When you think of the biggest tech stories of the year, you probably think of something like Elon Musk buying Twitter, former crypto wunderkind Sam Bankman-Fried’s FTX filing for bankruptcy, all the people who lost their life savings when UST imploded or the tens of thousands of tech workers who got laid off. It was not the most upbeat year we’ve ever had in the tech world. And yet, from progress in climate tech, to breakthroughs in AI technology, to the most awe-inspiring images of outer space we could dream of, there's a lot to be excited about as we close out 2022.
Climate tech bolstered by the Inflation Reduction Act
After years of inaction, Congress finally took a step toward addressing climate change with a surprise — and surprisingly large — bill that funds everything from green hydrogen to cold-weather heat pumps. The Inflation Reduction Act seemed destined for failure, like every climate bill before it, until it suddenly wasn’t. Senator Joe Manchin’s (D-WV) intransigence looked like it was a calculated effort to kill the bill, but in reality, it may just have been an attempt to guarantee American competitiveness in some of the more consequential industries of the 21st century. The law provides $369 billion toward a variety of climate initiatives, and while it’s not nearly enough to address the scope of the problem, it’s far better than nothing. And if investor sentiment is anything to go by, it may be the lure needed to get them rushing into climate tech.
–Tim De Chant
Generative AI comes into its own
Generative AI has its problems, to be sure. But it also has undeniably positive disruptive potential. As generative AI came to the fore this year, bolstered by emerging AI techniques, we got a glimpse of the labor it can save across the art (see: Stable Diffusion, DALL-E 2), programming (GitHub Copilot) and writing world (GPT-3, ChatGPT). Art-generating AI can eliminate mundane work like sketching backgrounds for portrait photos, while code-generating AI can reduce the amount of repetitive coding a programmer has to finish. The jury's out on whether it's a net good, but if social media's anything to go by, generative AI is already supercharging the workflows of the white-collar workforce.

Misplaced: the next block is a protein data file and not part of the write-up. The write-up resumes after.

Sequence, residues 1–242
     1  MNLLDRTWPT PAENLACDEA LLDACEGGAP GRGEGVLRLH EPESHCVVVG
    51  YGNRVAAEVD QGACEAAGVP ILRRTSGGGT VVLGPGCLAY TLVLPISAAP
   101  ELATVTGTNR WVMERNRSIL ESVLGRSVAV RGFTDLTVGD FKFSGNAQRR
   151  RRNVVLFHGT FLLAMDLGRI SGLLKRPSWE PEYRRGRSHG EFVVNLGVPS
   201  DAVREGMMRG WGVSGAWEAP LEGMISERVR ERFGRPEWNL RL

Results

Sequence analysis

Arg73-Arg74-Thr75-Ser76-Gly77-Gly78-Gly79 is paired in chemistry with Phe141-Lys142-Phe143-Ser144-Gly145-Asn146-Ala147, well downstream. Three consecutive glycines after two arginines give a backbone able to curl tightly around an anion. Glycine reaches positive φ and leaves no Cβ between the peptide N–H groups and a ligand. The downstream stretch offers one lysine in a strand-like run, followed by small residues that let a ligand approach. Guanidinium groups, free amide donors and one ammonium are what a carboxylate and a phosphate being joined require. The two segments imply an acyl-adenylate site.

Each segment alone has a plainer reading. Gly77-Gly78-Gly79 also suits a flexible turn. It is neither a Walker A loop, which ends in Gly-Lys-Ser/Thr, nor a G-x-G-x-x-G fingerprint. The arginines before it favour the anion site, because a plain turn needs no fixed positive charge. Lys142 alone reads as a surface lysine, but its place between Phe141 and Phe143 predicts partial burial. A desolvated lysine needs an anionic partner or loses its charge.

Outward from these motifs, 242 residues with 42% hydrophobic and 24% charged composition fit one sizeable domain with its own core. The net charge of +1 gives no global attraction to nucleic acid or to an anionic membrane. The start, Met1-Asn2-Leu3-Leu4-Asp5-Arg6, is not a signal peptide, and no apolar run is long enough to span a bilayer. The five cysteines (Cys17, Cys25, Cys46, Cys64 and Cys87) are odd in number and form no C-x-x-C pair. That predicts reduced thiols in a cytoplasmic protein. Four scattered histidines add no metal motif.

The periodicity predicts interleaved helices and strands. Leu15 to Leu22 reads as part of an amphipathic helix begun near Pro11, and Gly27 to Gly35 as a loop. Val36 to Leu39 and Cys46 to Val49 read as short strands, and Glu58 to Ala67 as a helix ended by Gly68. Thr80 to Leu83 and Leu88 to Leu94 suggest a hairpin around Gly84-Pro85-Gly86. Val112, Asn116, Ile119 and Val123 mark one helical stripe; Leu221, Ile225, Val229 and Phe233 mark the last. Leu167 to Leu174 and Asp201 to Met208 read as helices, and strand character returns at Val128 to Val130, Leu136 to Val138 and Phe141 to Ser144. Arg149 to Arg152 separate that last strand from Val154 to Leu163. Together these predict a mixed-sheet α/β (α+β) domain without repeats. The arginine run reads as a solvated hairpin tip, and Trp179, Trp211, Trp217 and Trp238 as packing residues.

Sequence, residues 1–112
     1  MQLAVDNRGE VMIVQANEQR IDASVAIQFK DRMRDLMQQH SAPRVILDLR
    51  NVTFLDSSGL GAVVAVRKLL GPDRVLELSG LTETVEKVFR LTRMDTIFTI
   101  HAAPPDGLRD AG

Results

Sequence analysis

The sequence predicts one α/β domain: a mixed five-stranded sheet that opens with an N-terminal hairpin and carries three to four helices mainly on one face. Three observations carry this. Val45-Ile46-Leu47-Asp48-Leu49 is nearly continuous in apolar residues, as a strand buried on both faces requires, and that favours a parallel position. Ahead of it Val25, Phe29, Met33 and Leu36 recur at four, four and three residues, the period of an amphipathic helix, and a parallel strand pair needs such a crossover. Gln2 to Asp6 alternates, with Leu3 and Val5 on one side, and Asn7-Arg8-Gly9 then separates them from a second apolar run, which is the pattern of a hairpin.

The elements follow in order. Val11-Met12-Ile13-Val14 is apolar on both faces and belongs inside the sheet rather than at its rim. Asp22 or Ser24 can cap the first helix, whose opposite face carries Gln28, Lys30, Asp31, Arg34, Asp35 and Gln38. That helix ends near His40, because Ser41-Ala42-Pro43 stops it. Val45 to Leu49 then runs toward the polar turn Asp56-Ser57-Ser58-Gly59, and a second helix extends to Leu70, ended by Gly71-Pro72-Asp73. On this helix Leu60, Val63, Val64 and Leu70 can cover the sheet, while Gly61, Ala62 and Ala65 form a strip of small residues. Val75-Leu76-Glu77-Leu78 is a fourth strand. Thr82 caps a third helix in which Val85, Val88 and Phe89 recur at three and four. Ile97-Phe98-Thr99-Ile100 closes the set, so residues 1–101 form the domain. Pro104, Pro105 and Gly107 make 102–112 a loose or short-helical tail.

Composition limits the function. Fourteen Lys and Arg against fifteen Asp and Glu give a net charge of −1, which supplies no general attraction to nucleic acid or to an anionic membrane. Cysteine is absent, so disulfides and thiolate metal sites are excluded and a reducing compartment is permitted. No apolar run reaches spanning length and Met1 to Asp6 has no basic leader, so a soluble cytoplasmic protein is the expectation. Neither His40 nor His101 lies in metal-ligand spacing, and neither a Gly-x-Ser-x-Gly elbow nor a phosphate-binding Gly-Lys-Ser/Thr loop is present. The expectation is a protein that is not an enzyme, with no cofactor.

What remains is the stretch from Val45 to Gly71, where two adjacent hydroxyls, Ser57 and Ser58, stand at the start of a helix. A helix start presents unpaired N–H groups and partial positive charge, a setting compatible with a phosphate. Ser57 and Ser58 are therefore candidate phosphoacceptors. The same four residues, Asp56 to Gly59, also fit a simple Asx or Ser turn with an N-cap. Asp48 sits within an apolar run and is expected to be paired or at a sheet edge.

Orbital internet helps bring the world online
The promise of satellite-based internet connections is coming true, though as usual the tech is not yet evenly distributed. But we've already seen Starlink connect Antarctica and war-torn Ukraine, both rather extreme test cases. If they can do it there (or on a yacht, for that matter), they can also do it in rural America, regions hit by natural disasters, or in far-flung villages in developing countries. We may even see pirate internet connections popping up in places like China and North Korea, circumventing their control over information. It's a hugely enabling technology and 2022 was the year it went from experiment to product. And just wait until you can do it with your phone!
One of the biggest mainstream critiques of crypto is just how energy-intensive it can be. Depending on how a blockchain validates its transactions, simply buying an NFT could use an outsized amount of energy, and as more people onboarded into the space in 2021, the environmental impact of the crypto industry has become increasingly concerning. For years, the team behind the Ethereum blockchain has promised a monumental event called The Merge, which would transition Ethereum from the energy-intensive proof-of-work protocol to the more environmentally friendly proof-of-stake process. In September, this change -- The Merge, with a capital M -- finally succeeded after a multiyear coding effort.
Are we saying that crypto is inherently good? Don’t @ me. But is it good news that the second most popular blockchain recently became about 99% more energy efficient? Hell yeah.
A year of historic firsts in labor organizing
This year feels like it has been… several years, but believe it or not, it was this April when the Amazon Labor Union, led by future folk hero Christian Smalls, secured the first union election victory at Amazon in the U.S. People referred to this as a David and Goliath situation, and that’s not an exaggeration. Amazon pulled out all the stops -- like violating labor laws and spending millions on anti-union consultants -- to stop the Staten Island fulfillment center from advocating for themselves. But against all odds, Amazon now must contend with a union.